Some Modern Pulp/Science Fiction You REALLY Need To Read

As most folks who know about my character Doc Wilde are aware, Dr. Spartacus Wilde was originally conceived as a contemporary homage to the classic pulp hero Doc Savage whose exploits I, and quite a few others, grew up on. I like to think that Doc Wilde is his own man though, with my fond memories of Doc Savage as the foundation on which I’m building something very much my own. Sort of the way that Robert B. Parker started writing his Spenser novels pretty much as an update of Raymond Chandler’s Philip Marlowe, then let Spenser grow and become a distinctive character.

Doc Wilde isn’t the first Doc Savage-inspired hero, and he won’t be the last. Heck, Superman, Batman, and James Bond were all influenced by him in significant ways. Race Bannon on Jonny Quest was a Doc Savage ringer. And there have been many pastiche versions of him of varying levels of authorial ability. I’m currently rereading one I read in high school, A Feast Unknown by the great SF writer Philip Jose Farmer, which basically pits Doc Savage against Tarzan and  is as over-the-top a piece of transgressive, pornographic fiction as I’ve ever seen (and a pretty rollicking tale, if you can take the content).

There’s a new take on Doc out now that you need to know about. I’ve mentioned the Old Man stories by William Preston before, and in the time since, I’ve gotten to know Bill online and consider him a friend. The stories have appeared in Asimov’s Science Fiction and he is now offering the first two as an ebook on Amazon.

These wonderful stories are great science fiction with pulp trappings, written in a smart, literate style that far transcends the more juvenile style of the original Doc Savage tales. And they are stories which explore some pretty hefty themes, like redemption and the place of heroes in the post 9/11 world. The ebook is a scant $3, and you really owe it to yourself to read it.

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Kara (A Brilliant, Touching Science Fiction Short Film)

This amazing short film was made by the video game developer Quantic Dream (Heavy Rain) to showcase their latest game technology. In the process they created a short piece of science fiction that’s both gorgeous to the eye and very moving…

The Doc Wilde Adventures Kickstarter Begins This Friday (3/30/12)

It’s getting down to the wire, folks…

This Friday, “The Astonishing Adventures of Doc Wilde” project will go live on Kickstarter.

“In a young adult book market crowded with the depressing and the dour, Tim Byrd’s Doc Wilde swings in on a jungle vine to raise the flag high for adventure. Infused with pace, fun, and all the two-fisted action a reader could ask for, Wilde lovingly riffs on situations straight out of the old pulps, even while making them fresh for a new generation.”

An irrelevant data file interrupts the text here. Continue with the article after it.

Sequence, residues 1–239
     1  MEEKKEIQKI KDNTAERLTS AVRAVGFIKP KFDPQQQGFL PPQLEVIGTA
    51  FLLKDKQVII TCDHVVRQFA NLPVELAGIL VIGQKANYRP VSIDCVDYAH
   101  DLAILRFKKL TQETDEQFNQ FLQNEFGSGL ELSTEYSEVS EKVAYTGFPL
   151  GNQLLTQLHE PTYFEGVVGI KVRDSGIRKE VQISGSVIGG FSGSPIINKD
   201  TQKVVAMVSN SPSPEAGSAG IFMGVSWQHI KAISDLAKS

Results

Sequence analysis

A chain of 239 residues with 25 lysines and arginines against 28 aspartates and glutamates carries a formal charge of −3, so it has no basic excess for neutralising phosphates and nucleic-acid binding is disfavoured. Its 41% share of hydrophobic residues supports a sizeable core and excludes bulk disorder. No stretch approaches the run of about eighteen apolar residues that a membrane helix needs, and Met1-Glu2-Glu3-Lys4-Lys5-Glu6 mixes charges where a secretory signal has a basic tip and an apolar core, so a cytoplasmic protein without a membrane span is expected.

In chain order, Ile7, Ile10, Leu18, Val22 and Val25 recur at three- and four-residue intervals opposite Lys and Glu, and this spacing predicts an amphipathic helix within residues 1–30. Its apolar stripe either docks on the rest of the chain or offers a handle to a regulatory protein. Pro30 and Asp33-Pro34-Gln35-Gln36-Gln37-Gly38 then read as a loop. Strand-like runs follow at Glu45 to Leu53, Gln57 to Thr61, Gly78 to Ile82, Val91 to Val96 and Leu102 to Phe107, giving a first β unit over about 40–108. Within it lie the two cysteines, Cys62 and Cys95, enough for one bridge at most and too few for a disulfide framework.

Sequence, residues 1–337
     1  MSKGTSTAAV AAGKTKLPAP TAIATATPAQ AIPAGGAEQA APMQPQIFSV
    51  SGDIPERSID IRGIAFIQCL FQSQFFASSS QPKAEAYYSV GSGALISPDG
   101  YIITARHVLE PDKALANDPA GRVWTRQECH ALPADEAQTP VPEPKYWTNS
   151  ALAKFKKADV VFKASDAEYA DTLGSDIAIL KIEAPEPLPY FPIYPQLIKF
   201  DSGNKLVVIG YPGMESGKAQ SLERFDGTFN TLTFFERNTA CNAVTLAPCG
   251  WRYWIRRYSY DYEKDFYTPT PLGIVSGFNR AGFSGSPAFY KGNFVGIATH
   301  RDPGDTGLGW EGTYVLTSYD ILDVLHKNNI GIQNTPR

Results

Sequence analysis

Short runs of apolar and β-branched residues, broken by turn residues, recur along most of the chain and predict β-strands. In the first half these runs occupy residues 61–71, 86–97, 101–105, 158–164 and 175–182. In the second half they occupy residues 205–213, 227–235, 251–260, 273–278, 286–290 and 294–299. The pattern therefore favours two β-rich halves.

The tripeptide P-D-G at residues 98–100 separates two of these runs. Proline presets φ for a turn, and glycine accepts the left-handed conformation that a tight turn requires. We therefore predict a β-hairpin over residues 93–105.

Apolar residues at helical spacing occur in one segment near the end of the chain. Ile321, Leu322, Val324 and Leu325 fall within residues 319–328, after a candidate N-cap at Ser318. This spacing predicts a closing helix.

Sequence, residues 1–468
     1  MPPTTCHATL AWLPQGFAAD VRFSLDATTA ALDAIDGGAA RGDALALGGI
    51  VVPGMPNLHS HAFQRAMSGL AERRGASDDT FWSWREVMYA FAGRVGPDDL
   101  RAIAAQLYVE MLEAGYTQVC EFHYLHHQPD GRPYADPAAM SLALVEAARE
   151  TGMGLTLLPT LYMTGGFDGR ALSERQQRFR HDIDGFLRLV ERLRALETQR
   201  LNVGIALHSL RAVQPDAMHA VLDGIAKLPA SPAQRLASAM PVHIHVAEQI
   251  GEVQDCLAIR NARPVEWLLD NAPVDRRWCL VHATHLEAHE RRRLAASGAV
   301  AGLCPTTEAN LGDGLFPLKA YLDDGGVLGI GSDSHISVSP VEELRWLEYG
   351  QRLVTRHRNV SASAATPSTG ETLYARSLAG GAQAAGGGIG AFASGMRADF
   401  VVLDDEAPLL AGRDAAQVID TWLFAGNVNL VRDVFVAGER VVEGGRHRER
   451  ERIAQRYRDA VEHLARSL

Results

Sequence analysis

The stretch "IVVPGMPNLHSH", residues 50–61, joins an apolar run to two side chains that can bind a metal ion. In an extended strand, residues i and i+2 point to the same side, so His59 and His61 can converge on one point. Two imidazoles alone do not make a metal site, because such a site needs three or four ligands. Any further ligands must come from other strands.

— Zack Stentz, screenwriter, Thor, X-Men: First Class

The Doc Wilde stories are my tribute to the pulp stories I loved growing up, and still love today. Like The Incredibles or the Indiana Jones films, they are suitable for kids and adults both,  full of action and humor and weird science and occult menace and lots of derring-do.

I published the first book, Doc Wilde and The Frogs of Doom, with Penguin/Putnam in 2009; it did very well both critically and commercially, so they asked for more books. But in the three years since, the digital publishing revolution has opened up many opportunities for an author that traditional publishing doesn’t offer, and I decided to go independent with the series.

The Kickstarter project will encompass three Doc Wilde novels, all to be released by year’s end. The books will be available in trade paperback and ebook formats. They will all have gorgeous covers and interior illustrations by the great Aussie comic book artist Gary Chaloner. (At the top of this post you can see the new logo he’s designed — he’s still painting the rest of the cover, which will hopefully be ready in time to debut when the Kickstarter begins).

I’ve regained my rights to Doc Wilde and The Frogs of Doom and it will reappear in a much improved new edition in June, featuring not only the new artwork inside and out by Gary, but my “author’s cut” preferred edit and a new short Doc Wilde adventure.

In August, we’ll release Doc Wilde and The Mad Skull, the long-awaited second book, in which the Wildes face a mind-blowing mystery and a truly bizarre villain.

In November the third adventure will appear, Doc Wilde and The Dance of the Werewolf, a dark tale featuring lycanthropes and witchcraft. At least two more Doc Wilde adventures will follow in 2013.

(If you follow the links above you can read excerpts from each of the books).

For those who may not be familiar with Kickstarter, it’s a modern patronage system for creators in which they present something they’d like to do and supporters are able to pledge funds to help them do it, in return for rewards varying from big thank yous to copies of the items created to interactions of various sorts with the creators. The creator posts his intentions and a target amount of money he is trying to raise; if, within the time the Kickstarter runs, enough money is pledged to hit that target, then the Kickstarter succeeds. If the target amount is not met, the Kickstarter has failed and no money is exchanged.

The target I’m setting for this project is $3,000. But that’s a minimum goal, not a maximum; once it’s reached, the Kickstarter continues and new people can continue to get involved. The funds will go toward art and book design and editing, as well as paying for the writing. Any extra funds will be applied to producing more books down the line.

I’ve come up with reward levels for pledges ranging from $5 for an ebook copy of one of the novels and the supporter’s name on the book’s acknowledgments page, up to $400 for signed limited editions of the books along with a bunch more cool stuff. There are only three slots available at the highest level, and four at the second highest, because they include exclusive one-of-a-kind rewards, so those are first come, first served.